More than 3.3 million people in the US have already filed for unemployment due to an unprecedented shutdown of businesses across the country. More are expected to do so in the coming weeks. The Senate voted unanimously to pass an unprecedented $2.2 trillion stimulus bill on Wednesday, which the House of Representatives is expected to approve on Friday. You can read more about what the stimulus bill would mean for you here.
Yes. Everyone should be practicing “social distancing” to limit the spread of COVID-19 and “flatten the curve.” Ideally, one should stay at least six feet away from all other people, but maintaining contact with your family members is okay as long as you’re all doing your best to avoid getting close to people outside the household. Even if you don’t have symptoms at all, spending as much time as possible in isolation means you’re lowering the risk that you will catch and spread COVID-19 to someone vulnerable.
Implementing preventative, social-distancing measures will reduce the number of people who are sick at one time. Without such measures, many people get sick all at once, leading to a tall, narrow curve. Social distancing can flatten the curve—just as many people may get sick overall, but they’ll be spread out over time. For a healthcare system, especially an overwhelmed one, it’s far better to have a million people sick over the course of a year than have that same million sick in the span of three months.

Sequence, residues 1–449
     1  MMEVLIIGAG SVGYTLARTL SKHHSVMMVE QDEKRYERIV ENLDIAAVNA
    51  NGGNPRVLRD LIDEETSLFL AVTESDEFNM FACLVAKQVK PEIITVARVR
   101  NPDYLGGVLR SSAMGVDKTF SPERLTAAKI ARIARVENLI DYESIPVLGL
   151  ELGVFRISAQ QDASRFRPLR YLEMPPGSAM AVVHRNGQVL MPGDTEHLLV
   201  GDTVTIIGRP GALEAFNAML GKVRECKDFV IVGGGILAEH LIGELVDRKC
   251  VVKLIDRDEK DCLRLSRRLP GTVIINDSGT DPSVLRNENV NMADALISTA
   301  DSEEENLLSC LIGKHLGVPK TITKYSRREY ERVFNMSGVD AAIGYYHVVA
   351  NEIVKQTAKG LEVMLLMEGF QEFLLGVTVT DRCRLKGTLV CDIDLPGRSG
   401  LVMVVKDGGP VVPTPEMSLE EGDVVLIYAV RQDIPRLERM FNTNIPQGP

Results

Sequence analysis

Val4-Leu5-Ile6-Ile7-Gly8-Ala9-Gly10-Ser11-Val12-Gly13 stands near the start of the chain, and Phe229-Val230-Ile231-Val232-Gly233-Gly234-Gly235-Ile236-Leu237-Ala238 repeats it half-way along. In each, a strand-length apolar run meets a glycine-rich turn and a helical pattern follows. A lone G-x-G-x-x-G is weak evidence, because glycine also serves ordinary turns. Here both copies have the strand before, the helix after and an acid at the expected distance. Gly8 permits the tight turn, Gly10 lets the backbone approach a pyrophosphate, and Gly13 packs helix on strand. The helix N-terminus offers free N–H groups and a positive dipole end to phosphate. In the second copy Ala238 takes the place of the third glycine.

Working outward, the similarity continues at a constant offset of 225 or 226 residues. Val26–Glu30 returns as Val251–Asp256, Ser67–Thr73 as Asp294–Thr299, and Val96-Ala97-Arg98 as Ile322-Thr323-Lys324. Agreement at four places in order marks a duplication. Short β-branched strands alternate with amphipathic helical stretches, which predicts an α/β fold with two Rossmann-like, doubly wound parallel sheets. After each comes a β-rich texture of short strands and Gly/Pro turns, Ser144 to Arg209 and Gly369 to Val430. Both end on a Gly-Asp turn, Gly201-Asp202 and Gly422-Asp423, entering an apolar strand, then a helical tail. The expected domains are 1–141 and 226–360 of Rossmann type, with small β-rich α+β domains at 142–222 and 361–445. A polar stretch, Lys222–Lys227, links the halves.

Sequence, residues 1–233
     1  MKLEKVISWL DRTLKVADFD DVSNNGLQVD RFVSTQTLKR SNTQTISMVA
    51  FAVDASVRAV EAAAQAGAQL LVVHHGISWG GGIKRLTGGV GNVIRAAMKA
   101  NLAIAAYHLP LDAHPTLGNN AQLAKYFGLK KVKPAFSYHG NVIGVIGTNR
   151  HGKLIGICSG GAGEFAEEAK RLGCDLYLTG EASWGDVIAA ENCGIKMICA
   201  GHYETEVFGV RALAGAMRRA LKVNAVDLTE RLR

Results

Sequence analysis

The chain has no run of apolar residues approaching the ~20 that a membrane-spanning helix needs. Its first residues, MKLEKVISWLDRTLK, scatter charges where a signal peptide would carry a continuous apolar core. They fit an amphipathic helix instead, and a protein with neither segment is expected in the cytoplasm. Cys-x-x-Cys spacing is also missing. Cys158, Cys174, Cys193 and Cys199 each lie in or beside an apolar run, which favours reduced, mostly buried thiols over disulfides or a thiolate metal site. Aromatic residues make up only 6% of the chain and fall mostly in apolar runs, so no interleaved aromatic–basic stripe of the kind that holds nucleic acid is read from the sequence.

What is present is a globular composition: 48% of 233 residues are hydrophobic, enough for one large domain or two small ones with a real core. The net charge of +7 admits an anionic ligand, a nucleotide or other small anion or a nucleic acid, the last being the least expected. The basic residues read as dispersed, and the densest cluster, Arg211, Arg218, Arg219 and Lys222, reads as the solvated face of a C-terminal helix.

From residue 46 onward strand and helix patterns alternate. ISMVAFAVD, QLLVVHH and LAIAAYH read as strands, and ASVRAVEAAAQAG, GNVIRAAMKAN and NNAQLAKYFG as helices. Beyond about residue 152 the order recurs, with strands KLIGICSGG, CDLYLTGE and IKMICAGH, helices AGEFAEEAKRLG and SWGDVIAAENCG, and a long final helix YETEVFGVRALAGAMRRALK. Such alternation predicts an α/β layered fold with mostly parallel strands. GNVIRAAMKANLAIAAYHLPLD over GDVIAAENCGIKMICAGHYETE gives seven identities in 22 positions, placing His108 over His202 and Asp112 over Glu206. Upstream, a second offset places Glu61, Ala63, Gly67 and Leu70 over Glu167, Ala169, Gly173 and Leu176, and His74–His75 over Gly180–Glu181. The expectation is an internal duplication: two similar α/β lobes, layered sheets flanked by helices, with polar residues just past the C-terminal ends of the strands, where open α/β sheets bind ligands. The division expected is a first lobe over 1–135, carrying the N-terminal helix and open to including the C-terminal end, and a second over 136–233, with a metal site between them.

The Washington Post has an excellent interactive graphic to demonstrate the importance of social distancing, if you don’t understand why it’s important.
There are now more than 540,000 confirmed cases of COVID-19 worldwide, and around 25,000 people have died. While diagnoses and fatalities seem to have leveled off in China, where COVID-19 originated in December, and South Korea, which was one of the first concerning hotspots for the disease, they continue to rise rapidly in Italy, Spain, Germany, France, Iran, the United Kingdom, and Switzerland.
Proper hand washing (instructions here) is still the best defense we have against a disease like COVID-19. While hand sanitizer is less effective, it’s a good substitute in a pinch—here’s a DIY recipe if your local stores are sold out.
It is also important to practice social distancing if you are able, even if your area is not yet considered to be in the midst of an active outbreak, and to be diligent about washing your hands if you have to go out and interact with people. Do not go out to bars or restaurants; ordering takeout (or, even better, delivery left at your front door) is the best way to get food from your favorite local business. Trips outside the home should be limited to isolated exercise (jogging by yourself in an area without crowds, for example) and getting medicine and groceries, while maintaining six feet of distance from other people. You should wash your hands frequently and avoid touching your face while out conducting essential errands.
source: popsci.com by Rachel Feltman